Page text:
October 6, 2016 [originally published in French only in Winter 2011] — A limp body brought back to life, a figure leaping impossibly into the air, a gun wielded by a faceless hand: with images like these, “Bodies in Trouble,” Galerie SAW Gallery’s concise but ambitious exhibition of photo-based work, explores the body, performance, media, and danger. Mounted as part of Festival X, Ottawa’s biennial city-wide photography festival, “Bodies in Trouble” pairs photojournalistic images with performance art, implicitly critiquing the news image and stressing a visual poetics through juxtapositions of these forms.
September 29, 2016 [originally published in French only in Winter 2011] — A resurrection of hand-drawn film animation as a procedure to be presented in museum installations in this era of digital abstraction is a brilliant move. The simplicity of this strategy highlights the delusion resident in the efforts of so many contemporary artists to produce a critical art practice using technologically “advanced” techniques. In many cases, these attempts simply play a role in confirming the cultural status quo.
September 22, 2016 [originally published in Winter 2011] — All of the large-scale colour photographs making up Susan Dobson’s recent Toronto exhibition “Dislocations” contribute in varying ways to her notion of dislocation as a modification – as she puts it on her Web site – of “time, space and geography, where surroundings can seem both familiar and foreign.” She notes, as well, that “a pervasive and persistent form of déjà vu dominates the work, derived in part through the combination of digitally manipulated images with photographs shot in the documentary mode.”
September 13, 2016 [originally published in Winter 2011] — While acclaimed Montreal-based photographic artist Marisa Portolese has always used people she knows as subjects in her work, her new photographic series, Dream Weavers (of which this show, “Pietà,” is a stand-alone excerpt), marks something of a departure. Here, she turns inwards, essaying an up-close-and-personal narrative involving members of her own family while constructing a poetic meta-narrative that is rife with feelings, memories, and the numinous.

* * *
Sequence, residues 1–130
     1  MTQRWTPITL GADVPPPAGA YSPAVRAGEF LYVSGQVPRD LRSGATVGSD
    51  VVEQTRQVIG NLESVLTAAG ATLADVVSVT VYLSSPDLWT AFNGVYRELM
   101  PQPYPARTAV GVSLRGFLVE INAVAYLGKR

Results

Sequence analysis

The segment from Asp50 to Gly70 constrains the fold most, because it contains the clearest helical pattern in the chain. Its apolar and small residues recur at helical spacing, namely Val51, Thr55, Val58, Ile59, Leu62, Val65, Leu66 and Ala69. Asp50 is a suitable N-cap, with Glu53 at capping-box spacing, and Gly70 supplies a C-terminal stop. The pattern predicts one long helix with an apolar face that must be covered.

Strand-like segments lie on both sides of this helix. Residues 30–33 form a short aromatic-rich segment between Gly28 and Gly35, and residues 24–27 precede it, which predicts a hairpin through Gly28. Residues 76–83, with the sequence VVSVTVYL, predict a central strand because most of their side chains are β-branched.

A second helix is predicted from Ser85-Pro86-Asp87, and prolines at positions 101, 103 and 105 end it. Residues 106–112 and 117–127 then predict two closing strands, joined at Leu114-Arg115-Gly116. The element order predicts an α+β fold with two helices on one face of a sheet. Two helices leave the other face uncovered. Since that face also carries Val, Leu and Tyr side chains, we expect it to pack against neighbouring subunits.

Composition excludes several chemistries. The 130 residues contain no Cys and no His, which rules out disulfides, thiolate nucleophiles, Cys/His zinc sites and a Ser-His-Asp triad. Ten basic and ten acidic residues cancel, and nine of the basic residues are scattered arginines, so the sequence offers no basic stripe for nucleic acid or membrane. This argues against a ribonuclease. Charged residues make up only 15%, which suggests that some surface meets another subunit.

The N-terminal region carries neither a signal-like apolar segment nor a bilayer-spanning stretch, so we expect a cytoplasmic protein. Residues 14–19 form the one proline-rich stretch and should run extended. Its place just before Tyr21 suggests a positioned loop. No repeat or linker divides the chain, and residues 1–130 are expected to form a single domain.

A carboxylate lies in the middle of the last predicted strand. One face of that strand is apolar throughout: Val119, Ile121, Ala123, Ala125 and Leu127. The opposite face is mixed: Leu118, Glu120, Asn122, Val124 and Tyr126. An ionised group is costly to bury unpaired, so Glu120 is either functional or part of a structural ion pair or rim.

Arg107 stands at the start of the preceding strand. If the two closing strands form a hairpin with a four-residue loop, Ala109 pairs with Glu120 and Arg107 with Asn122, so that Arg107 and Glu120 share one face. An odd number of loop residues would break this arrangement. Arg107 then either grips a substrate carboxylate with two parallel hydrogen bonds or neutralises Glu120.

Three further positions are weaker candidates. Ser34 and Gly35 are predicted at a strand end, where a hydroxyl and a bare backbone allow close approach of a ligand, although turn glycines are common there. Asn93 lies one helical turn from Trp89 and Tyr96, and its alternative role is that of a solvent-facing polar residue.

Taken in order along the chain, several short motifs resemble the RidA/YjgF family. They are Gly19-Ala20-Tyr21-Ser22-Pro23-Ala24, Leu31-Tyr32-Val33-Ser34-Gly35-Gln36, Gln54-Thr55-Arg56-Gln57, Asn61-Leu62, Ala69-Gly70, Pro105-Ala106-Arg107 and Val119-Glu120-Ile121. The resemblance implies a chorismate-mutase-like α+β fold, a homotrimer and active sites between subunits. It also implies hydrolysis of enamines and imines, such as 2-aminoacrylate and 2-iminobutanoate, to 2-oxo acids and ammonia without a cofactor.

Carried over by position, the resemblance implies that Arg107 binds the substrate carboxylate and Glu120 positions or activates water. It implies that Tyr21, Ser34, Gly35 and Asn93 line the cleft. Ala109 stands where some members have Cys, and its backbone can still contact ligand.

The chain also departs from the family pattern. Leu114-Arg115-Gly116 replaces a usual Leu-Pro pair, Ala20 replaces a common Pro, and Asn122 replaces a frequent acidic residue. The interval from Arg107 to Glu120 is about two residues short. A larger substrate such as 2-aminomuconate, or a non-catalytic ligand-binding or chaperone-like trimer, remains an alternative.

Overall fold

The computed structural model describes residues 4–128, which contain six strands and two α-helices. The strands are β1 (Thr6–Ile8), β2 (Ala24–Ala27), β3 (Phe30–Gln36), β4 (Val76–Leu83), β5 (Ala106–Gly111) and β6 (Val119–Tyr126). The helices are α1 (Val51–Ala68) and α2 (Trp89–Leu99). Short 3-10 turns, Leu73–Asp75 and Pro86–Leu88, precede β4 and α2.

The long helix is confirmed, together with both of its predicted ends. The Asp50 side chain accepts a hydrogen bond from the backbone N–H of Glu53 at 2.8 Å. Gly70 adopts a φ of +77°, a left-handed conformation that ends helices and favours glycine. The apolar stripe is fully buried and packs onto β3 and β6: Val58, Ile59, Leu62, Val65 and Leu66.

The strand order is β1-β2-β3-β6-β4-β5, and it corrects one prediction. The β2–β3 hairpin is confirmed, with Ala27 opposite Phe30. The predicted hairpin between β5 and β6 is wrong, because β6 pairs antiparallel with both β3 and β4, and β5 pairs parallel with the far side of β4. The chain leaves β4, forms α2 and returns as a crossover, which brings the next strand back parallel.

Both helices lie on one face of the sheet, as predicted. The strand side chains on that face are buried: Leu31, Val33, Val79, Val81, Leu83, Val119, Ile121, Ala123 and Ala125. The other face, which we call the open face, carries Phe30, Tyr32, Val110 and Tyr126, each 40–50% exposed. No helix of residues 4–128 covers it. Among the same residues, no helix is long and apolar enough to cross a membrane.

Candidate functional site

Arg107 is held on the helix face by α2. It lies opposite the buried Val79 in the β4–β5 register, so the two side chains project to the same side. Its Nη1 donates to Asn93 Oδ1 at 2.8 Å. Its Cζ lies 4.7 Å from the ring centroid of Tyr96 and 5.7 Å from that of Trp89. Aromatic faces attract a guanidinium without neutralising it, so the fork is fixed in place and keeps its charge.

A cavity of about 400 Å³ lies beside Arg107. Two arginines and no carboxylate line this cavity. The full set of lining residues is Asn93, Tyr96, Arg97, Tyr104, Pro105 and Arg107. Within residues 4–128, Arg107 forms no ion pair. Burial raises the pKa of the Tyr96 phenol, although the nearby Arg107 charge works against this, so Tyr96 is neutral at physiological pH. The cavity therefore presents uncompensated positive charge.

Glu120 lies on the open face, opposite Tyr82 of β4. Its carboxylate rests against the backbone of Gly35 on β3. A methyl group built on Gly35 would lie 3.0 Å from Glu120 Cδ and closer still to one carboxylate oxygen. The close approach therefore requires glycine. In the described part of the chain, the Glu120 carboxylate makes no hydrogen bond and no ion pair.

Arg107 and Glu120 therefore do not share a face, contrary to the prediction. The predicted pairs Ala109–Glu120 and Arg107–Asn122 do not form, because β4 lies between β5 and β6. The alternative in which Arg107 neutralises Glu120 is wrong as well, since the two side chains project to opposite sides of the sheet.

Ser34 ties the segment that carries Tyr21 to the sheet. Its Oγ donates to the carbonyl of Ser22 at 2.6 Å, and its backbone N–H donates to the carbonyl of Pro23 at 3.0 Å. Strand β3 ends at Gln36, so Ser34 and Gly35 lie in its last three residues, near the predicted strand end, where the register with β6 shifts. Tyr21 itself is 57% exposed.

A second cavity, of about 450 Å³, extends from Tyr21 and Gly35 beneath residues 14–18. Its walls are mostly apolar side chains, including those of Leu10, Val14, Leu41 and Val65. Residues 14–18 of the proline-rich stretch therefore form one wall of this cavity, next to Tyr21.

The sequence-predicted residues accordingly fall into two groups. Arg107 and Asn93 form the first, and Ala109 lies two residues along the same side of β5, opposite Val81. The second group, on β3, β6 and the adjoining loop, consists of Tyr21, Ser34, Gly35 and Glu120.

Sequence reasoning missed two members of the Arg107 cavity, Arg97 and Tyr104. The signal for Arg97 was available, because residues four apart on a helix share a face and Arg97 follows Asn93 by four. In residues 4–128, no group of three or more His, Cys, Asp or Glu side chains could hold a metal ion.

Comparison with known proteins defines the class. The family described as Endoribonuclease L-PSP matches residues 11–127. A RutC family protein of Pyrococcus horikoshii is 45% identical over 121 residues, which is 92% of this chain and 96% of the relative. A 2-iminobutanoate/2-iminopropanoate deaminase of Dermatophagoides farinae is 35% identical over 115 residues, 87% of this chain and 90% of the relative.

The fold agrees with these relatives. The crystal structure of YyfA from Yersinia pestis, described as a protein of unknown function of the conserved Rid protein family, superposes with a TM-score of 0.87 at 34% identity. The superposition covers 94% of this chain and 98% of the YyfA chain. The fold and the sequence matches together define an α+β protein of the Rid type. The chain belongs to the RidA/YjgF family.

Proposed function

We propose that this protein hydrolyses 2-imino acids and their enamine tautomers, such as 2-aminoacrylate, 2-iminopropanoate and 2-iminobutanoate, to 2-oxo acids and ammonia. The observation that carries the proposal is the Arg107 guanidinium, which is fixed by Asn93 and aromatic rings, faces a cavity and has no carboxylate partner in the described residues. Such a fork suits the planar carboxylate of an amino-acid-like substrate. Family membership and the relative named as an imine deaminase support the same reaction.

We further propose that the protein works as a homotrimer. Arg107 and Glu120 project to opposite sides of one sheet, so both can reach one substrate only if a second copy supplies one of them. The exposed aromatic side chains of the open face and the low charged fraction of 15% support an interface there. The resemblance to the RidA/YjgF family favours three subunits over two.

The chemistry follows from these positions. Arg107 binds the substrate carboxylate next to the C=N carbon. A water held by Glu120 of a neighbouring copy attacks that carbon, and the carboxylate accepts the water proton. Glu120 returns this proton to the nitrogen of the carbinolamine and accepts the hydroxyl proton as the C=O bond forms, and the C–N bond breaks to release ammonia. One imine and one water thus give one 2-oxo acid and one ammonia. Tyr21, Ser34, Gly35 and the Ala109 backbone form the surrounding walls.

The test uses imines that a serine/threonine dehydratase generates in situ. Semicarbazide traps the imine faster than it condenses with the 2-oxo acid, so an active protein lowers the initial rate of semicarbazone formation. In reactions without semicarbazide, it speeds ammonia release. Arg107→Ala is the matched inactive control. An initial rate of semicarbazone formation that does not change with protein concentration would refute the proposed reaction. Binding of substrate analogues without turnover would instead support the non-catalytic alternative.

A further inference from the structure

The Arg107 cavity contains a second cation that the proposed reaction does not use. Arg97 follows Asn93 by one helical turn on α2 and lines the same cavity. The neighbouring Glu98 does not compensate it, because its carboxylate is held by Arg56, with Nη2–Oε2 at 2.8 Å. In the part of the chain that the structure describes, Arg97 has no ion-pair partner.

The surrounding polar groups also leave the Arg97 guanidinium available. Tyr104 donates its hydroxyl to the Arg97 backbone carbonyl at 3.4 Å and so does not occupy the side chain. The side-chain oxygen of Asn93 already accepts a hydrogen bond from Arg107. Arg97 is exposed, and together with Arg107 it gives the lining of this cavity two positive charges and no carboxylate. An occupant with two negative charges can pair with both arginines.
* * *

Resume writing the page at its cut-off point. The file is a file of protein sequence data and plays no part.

August 31, 2016 [originally published in Winter 2011] — “Perspectives,” at the International Center of Photography in New York, is a new exhibition series focusing on emerging photographers and filmmakers. The inaugural presentation features the work of five young artists – Carol Bove, Lena Herzog, Matthew Porter, Ed Templeton, and Hong-An Truong – who employ various strategies in image-making that highlight the ever-apparent fact that the medium can take on any subject and show itself in a myriad of forms.
August 22, 2016 [originally published in Winter 2011] — An artist, archivist, historian, and art theoretician by training, the independent curator Vincent Bonin has recently organized, alone or in collaboration, a series of exhibitions that shed light on a turning point in the history of Canadian contemporary art: the late 1960s and early 1970s. Bonin’s principal subjects of reflection are discursive productions, the conditions for their expression and …